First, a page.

Where does the expression “a fly in the ointment” come from and What does it mean?

The modern expression “a fly in the ointment” suggests that something unpleasant may come or has come to light in a proposition or condition that is almost too pleasing; that there is something wrong somewhere.

The older version was “a fly in the amber,” meaning merely that something is as unexpectedly out of place as the fly that one occasionally finds embedded in fossilized amber.

Possibly the substitution of “ointment” for “amber” may have been through association of ideas, for “amber” was originally used in the sense of “ambergris,” and ambergris is used in some perfumed ointments.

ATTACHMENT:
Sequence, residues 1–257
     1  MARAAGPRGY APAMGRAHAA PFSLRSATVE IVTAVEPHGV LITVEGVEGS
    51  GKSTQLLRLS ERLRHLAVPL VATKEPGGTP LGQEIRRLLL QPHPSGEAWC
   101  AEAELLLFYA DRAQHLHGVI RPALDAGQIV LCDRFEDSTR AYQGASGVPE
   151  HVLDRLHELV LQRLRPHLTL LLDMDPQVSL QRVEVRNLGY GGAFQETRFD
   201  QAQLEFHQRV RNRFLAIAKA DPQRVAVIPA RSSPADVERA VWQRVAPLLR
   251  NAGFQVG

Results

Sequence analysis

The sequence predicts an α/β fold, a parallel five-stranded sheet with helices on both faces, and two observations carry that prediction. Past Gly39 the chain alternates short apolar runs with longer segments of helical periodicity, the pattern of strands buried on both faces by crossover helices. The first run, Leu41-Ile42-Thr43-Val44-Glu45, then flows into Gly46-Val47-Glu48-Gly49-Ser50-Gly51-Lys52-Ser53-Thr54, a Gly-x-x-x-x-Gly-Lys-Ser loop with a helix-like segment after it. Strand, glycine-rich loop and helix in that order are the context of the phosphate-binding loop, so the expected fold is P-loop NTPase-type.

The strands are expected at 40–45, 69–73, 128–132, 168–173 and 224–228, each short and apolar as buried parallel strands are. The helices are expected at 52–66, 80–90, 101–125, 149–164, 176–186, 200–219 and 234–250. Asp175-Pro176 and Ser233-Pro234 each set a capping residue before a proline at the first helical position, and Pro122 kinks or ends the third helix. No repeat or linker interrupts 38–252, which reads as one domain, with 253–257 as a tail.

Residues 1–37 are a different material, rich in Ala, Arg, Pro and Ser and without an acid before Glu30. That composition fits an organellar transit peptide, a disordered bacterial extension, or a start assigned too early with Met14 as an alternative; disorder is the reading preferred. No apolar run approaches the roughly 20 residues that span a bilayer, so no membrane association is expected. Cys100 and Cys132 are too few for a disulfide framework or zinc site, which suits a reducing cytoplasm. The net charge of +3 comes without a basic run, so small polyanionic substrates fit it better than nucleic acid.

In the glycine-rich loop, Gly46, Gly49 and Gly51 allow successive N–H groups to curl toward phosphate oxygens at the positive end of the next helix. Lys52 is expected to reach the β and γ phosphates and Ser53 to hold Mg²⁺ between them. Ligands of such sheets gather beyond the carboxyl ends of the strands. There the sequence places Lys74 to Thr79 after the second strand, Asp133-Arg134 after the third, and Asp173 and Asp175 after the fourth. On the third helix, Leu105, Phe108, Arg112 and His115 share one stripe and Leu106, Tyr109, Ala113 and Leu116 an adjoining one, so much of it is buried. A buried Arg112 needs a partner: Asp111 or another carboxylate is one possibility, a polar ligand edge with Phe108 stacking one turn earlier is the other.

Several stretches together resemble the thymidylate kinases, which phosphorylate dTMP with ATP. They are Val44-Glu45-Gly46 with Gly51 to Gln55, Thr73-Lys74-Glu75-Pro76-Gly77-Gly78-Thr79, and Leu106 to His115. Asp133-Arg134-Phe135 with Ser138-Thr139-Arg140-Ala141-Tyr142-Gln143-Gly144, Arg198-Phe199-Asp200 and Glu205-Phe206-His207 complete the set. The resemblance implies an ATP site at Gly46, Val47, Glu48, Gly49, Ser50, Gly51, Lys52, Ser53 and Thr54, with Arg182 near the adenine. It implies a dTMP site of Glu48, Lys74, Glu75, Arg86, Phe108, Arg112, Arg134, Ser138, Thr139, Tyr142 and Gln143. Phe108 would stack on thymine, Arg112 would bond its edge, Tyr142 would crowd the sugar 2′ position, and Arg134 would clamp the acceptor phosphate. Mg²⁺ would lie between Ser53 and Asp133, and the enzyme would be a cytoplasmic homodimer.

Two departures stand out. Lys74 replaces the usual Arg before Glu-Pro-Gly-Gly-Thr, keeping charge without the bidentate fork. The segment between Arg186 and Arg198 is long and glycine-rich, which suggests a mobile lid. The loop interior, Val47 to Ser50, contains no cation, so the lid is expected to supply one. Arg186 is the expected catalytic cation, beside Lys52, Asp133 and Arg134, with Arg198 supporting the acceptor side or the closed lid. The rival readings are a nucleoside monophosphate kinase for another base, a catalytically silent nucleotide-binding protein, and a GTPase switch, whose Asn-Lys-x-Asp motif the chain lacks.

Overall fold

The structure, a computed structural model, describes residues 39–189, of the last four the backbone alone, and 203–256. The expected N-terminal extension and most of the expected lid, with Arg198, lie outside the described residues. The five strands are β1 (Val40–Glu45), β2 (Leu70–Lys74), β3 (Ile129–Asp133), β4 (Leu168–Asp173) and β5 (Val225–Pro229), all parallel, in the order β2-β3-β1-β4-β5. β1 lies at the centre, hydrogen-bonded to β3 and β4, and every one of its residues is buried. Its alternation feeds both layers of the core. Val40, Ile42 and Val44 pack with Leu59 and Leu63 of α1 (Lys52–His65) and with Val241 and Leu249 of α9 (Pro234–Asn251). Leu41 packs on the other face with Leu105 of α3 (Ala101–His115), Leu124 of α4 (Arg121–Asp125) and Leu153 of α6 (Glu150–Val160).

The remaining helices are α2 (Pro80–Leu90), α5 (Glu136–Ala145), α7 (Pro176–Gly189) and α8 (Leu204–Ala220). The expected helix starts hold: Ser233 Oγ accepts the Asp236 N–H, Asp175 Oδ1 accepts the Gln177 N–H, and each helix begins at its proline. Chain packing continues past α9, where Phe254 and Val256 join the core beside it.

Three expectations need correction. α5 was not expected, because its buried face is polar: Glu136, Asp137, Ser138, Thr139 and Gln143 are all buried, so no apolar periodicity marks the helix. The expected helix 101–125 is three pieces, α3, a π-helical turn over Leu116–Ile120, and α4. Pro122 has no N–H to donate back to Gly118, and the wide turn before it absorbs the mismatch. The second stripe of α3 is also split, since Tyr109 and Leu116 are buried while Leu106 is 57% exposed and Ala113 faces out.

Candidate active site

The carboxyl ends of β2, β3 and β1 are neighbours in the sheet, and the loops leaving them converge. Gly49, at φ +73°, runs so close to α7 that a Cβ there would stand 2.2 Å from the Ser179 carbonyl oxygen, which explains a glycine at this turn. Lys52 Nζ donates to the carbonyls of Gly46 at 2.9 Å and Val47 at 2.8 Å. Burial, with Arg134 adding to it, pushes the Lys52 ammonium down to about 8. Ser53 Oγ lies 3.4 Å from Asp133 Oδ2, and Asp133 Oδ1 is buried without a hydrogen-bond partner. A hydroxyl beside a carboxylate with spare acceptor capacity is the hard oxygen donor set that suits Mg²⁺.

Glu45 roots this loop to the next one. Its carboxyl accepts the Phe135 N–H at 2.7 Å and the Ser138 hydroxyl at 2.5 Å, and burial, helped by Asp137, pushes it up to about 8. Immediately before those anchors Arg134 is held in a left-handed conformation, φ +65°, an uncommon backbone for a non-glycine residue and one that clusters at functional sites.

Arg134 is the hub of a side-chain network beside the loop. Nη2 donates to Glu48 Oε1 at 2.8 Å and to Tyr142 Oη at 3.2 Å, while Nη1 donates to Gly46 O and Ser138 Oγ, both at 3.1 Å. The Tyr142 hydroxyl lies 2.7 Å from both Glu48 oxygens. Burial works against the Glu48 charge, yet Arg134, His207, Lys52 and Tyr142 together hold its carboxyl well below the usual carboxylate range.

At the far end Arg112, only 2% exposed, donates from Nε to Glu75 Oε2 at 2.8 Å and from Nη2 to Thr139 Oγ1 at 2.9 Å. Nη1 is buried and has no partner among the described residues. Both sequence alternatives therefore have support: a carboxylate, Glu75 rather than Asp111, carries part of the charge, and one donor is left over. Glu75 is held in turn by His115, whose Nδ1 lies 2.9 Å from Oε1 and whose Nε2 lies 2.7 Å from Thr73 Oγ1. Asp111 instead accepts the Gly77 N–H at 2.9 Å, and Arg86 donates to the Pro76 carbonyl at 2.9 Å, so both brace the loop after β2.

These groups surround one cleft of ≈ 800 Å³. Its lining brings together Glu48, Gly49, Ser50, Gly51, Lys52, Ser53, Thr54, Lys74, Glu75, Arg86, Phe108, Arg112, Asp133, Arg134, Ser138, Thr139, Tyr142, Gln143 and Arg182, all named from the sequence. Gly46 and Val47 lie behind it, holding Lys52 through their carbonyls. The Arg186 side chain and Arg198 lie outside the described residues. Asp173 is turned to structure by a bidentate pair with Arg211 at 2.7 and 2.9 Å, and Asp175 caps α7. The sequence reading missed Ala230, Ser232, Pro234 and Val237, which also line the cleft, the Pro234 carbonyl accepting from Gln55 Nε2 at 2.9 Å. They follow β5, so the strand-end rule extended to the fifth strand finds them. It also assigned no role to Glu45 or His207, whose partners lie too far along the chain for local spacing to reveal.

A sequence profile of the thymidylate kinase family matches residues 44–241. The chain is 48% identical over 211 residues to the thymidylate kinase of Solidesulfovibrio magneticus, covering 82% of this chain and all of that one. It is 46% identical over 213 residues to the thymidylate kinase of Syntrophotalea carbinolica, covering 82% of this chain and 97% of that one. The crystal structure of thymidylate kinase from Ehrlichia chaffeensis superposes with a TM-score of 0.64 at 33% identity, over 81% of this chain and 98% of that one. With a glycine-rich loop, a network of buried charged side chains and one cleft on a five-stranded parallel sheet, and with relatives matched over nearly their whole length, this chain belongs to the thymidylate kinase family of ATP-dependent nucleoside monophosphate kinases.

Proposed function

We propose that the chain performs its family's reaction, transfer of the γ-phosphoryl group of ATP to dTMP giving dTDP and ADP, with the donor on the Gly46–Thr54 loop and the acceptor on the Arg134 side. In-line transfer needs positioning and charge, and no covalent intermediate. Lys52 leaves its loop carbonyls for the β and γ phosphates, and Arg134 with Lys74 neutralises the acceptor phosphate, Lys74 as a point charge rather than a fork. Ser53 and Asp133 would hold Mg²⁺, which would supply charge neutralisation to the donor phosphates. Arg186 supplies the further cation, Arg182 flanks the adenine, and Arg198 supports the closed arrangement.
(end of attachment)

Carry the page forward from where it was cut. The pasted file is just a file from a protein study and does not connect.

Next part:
About Karen Hill

Karen Hill is a freelance writer, editor, and columnist. Born in New York, her work has appeared in the Examiner, Yahoo News, Buzzfeed, among others.

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